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terça-feira, fevereiro 14, 2006

Wake up to old-fashioned power of new oligopolies

FT.com / Comment & analysis / Comment - Wake up to old-fashioned power of new oligopolies: "The increasing power of a few leading trade-oriented companies over entire production and supply systems results in a variety of economic and political ills. One is the degradation of many production systems themselves. That is what happens when the actual producers of goods or components are unable to capture a sufficient share of revenue to support innovation, or sometimes even to maintain existing machinery and workforces. Another is the heightening of competition within society as opposed to between leading companies. In a production system marked by extreme outsourcing, oligopoly does not result in the end of competition so much as the redirection of competition downwards, as lead companies capture more power to set supplier against supplier, community against community and worker against worker.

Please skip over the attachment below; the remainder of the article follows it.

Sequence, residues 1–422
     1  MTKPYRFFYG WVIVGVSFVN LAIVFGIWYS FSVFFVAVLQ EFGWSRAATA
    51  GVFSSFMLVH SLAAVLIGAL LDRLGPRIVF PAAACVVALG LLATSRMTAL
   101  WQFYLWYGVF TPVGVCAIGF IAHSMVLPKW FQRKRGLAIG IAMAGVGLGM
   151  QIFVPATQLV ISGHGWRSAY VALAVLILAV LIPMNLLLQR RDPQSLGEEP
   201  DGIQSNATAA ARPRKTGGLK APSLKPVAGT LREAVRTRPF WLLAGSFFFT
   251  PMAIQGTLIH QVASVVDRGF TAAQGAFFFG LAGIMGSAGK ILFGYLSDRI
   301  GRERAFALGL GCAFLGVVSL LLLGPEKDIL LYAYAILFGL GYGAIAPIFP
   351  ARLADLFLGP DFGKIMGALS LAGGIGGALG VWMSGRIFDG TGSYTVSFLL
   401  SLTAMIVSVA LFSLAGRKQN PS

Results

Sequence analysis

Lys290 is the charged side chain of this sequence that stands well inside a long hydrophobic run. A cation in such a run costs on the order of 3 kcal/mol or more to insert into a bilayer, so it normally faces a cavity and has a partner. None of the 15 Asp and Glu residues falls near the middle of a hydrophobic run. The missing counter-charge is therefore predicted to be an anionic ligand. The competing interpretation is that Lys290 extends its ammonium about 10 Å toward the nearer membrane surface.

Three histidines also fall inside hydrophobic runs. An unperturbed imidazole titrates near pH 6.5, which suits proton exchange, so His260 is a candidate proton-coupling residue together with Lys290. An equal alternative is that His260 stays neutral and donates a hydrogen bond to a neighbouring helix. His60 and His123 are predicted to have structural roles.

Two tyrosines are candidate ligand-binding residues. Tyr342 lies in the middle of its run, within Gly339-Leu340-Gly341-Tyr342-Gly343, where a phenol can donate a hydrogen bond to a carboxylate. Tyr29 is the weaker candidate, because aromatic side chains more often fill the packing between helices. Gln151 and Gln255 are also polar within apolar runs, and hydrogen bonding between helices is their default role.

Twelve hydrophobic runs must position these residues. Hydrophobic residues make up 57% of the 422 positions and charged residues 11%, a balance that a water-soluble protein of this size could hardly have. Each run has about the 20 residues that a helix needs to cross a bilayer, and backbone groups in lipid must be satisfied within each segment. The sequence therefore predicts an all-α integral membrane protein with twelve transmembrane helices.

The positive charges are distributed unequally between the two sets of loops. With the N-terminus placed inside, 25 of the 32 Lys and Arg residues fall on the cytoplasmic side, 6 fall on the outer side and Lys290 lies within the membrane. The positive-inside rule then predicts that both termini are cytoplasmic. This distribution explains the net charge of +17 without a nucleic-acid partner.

It is here we find at least a partial explanation for one of the more confusing paradoxes of today’s global system – the simultaneous rise in consolidation and competition. So far, especially in America, the tendency has been to blame extreme competition on “globalisation”, not least because faulting foreigners for domestic ills can be a good way to sell books and win votes. The real explanation, however, is not only globalisation, or even mainly globalisation, as much as radical changesin the structure of industry. In other words, it is not the Chinese who destroy US and European jobs, but roll up by the world’s largest traders and retailers of the power to pit producer against producer, and to capture most or all of the gain from the arbitrage.

Outright monopoly is absolutely defensible – when granted temporarily to reward companies for bringing truly new ideas to market. But most of today’s powerful companies are not the result of new ideas, only the strategic reordering of markets. If anything, their goal is the oldest one in commerce – to fence in the place where deals are done, and to tax producers and consumers for the right to meet there. It will not be long until we realise that to save our free market system will require, among other actions, far more aggressive enforcement of antitrust. Simply stopping any further roll out of power will not be enough. True believers in the free market will admit there is no other choice than to roll the power back.




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